The following code is based on the basis of being 0 of the last element in the input.

#include <stdio.h>
#include <stdlib.h>

char *
magical_function (int const *x) {
    size_t numOfElements = 0;
    size_t i = 0;
    for (i = 0; x[i] != 0 ; ++i, ++numOfElements) ;
    char *p = malloc(numOfElements + 1);
    if (!p) {
        perror("malloc error");
        exit(EXIT_FAILURE);
    }

    for (i = 0; i < numOfElements; ++i) {
        p[i] = (char)x[i];
    }
    p[i] = 0;
    return p;
}

int
main (void) {
    int arr[4];
    int * const x = arr;

    x[0] = 65;
    x[1] = 66;
    x[2] = 67;
    x[3] = 0;

    char *y = magical_function(x);
    puts(y);
    free(y);

    return 0;
}

Coding resources, Pointers in C are a critical concept when you program in C. A pointer is a memory address. potential value range of 0-255 (2 values/bit ^ 8 bits = 256 possible values). cat main.c #include <stdio.h> int main(void) { printf("The size of a pointer is sizeof(char *)); printf("The size of a char pointer is %ld bytes!\n", sizeof(int *))� Strictly speaking, you can do this: (int)pointer. However, you are probably looking for the atoi and atof functions. atoi is a function that converts a char* pointing to a string containing an integer in decimal to an integer. atof is likewise for double.

Type Conversion Vulnerabilities, In this case, all values less than 0 have their value changed to a high positive number when char *indx; int count; char nameStr[MAX_LEN]; //256 to be gone because the character pointer, indx, is now an unsigned type. int *ip; /* pointer to an integer */ double *dp; /* pointer to a double */ float *fp; /* pointer to a float */ char *ch /* pointer to a character */ The actual data type of the value of all pointers, whether integer, float, character, or otherwise, is the same, a long hexadecimal number that represents a memory address.

C data types, In the C programming language, data types constitute the semantics and characteristics of The C language provides the four basic arithmetic type specifiers char, int, float the value 256 does not fit in the data type, which results in the lower 8 bits of it Pointer integer types that are guaranteed to be able to hold a pointer. @HaSeeBMiR The only reason the answer is related to C instead of C++ is that it uses a C header instead of the equivalent C++ header. The C preprocessor is a part of C++, and cstdint is a part of the C++ standard, as are all of the type names defined there.

C Programming Tutorial, This is a C Programming Tutorial for people who have a little experience with an functions visibly in a program */ main () { int i; /* declarations */ do { /* Nothing !!! is an ASCII code given in octal or base 8, See Character Conversion Table. these are detailed in the section on pointers) such as finding out the value of i� C and C++ define character types (char, unsigned char and signed char) to have a size of one byte, and require them to have at least 8 bits. There is, or at least until recently was a machine with 9 bit char , and there are some with 32 bit char. (Historically, of course, there were a lot of machines with bytes less than 8 bits, but C doesn't allow this.)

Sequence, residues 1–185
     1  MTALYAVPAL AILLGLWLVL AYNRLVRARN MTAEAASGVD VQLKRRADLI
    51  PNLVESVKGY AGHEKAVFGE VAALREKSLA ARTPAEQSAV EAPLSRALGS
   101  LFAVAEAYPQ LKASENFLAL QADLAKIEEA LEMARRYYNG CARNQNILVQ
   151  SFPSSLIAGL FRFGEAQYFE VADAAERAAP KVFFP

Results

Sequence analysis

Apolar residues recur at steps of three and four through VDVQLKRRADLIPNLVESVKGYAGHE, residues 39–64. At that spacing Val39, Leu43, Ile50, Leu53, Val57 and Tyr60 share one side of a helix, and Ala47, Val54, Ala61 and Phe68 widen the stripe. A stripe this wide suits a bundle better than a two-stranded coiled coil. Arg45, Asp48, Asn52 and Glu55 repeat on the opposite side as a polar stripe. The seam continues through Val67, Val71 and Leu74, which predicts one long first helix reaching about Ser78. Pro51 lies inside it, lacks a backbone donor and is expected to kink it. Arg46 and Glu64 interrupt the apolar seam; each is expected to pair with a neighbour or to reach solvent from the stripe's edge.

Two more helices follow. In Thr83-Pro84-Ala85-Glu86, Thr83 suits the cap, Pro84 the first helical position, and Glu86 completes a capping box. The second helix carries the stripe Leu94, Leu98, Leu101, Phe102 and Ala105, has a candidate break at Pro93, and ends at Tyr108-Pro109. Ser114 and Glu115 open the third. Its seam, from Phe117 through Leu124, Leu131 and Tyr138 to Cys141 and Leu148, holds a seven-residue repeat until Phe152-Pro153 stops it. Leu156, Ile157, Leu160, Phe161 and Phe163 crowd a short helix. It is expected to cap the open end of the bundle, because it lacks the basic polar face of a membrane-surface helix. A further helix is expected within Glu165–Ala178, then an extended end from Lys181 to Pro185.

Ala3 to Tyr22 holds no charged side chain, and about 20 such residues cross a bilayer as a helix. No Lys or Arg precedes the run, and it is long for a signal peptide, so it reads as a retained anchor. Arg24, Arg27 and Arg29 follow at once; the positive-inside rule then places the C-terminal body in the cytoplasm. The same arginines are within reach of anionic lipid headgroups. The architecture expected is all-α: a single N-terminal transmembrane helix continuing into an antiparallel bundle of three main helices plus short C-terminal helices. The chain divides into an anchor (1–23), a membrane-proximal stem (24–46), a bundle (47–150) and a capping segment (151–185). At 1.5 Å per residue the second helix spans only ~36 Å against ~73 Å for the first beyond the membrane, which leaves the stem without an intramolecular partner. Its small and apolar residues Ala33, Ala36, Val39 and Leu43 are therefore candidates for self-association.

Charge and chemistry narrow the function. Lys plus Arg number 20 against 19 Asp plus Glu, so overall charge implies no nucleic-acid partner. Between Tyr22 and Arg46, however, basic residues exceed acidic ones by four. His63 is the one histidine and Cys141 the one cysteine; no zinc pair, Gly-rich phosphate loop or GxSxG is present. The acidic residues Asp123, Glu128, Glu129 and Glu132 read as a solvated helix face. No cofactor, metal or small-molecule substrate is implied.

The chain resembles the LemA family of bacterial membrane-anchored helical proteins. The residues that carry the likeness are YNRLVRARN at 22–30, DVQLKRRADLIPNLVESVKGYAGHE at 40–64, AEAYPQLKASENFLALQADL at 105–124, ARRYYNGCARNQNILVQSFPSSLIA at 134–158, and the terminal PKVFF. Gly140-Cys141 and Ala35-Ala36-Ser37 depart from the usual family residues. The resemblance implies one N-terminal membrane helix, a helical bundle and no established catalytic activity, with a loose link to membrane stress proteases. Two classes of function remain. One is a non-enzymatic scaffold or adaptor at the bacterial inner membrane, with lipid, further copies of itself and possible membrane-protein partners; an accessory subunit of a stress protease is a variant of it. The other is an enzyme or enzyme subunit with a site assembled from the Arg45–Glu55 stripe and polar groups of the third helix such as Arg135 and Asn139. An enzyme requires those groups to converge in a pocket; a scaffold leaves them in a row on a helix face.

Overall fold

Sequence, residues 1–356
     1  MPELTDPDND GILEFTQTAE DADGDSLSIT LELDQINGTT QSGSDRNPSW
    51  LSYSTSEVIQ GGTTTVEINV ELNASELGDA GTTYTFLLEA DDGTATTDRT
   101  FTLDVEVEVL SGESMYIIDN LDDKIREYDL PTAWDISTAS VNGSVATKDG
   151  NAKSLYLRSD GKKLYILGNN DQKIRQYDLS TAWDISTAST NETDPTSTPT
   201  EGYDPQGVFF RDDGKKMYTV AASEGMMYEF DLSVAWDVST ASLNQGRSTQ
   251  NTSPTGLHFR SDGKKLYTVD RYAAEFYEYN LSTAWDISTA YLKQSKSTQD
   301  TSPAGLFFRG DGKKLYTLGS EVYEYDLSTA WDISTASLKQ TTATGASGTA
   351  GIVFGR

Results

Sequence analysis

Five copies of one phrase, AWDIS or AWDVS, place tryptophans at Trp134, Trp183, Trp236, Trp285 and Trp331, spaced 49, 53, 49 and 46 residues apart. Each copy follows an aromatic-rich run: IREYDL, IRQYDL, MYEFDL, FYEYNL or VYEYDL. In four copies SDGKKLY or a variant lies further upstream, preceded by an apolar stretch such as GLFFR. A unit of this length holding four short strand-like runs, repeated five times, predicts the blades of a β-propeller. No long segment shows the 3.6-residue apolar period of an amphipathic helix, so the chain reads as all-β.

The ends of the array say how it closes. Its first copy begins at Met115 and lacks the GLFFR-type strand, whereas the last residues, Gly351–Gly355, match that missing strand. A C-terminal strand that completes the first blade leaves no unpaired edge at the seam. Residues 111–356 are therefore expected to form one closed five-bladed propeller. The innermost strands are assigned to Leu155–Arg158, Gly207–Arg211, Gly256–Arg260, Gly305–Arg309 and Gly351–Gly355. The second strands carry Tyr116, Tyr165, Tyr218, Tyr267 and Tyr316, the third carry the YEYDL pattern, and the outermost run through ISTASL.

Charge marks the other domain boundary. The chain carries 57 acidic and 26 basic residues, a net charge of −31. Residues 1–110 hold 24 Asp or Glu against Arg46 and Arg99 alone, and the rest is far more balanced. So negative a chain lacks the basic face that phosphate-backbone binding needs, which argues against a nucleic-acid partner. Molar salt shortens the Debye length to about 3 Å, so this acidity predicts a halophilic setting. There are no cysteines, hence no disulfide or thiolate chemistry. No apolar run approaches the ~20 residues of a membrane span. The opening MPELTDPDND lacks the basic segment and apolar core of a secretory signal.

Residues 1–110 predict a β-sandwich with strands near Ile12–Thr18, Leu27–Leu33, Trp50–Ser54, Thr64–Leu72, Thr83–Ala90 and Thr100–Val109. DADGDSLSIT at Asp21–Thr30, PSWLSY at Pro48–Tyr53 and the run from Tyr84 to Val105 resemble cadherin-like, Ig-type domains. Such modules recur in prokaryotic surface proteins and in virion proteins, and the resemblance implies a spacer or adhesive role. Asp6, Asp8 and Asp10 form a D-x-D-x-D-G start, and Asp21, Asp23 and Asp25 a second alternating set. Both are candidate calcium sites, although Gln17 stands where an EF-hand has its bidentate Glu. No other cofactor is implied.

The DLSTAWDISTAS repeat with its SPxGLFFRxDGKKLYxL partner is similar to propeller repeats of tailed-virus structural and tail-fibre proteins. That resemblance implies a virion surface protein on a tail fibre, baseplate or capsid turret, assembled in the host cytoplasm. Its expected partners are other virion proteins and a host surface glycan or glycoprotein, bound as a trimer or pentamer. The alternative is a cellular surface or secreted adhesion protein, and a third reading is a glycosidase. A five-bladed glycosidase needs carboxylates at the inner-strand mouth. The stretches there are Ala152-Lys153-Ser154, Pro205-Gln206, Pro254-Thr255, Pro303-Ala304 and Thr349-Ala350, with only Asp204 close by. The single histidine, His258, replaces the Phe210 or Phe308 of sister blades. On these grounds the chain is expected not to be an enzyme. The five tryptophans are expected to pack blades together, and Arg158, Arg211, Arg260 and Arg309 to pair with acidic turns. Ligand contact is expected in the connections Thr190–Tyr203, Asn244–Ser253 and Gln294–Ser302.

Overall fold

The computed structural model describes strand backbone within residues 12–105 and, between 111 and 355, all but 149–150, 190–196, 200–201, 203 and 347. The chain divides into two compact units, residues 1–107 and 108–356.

Comments
  • @EugeneSh. It's just an array actually. int arr[]; int *x = arr;
  • Since there is no magic, you will have to perform the conversion element-wise.
  • to have a char pointing to the byte with the value < 0x100 you need to take into consideration the endianess
  • tpcg.io/fPETPE if the OP has an array as specified, will create a null terminated string from it.
  • @P__J__ Well, its impossible to just cast a 4 element int pointer into a 4 element char pointer and get the same numbers. If he want's literally the same pointer, then maybe can do it in-place.
  • The cast you proposed makes the conversion: char * y = (char *) x. The problem is at your printf. If the format specifier is for integers it will cast y to an integer. That's why it prints the ASCII value of y.
  • Just printf("%c\n", x[0]) and see what happens.
  • I want to print the entire string, not just a character. What if I want y[1]? It would give me part of the x[0] integer, since an integer is 4 bytes wide.
  • Ok, now I see what you mean. You can't make that kind of cast since the memory allocated to the int array will use 4 bytes. It can't know that you want only the first byte of each position. The y array would have to point to segmented blocks of memory. The only way I know you could do that is with a loop iterating the int array and printing each element as a char.
  • Suggest i < 4 --> arr[i] != 0
  • But I don't want to print the chars. I want to put them in a char array/pointer.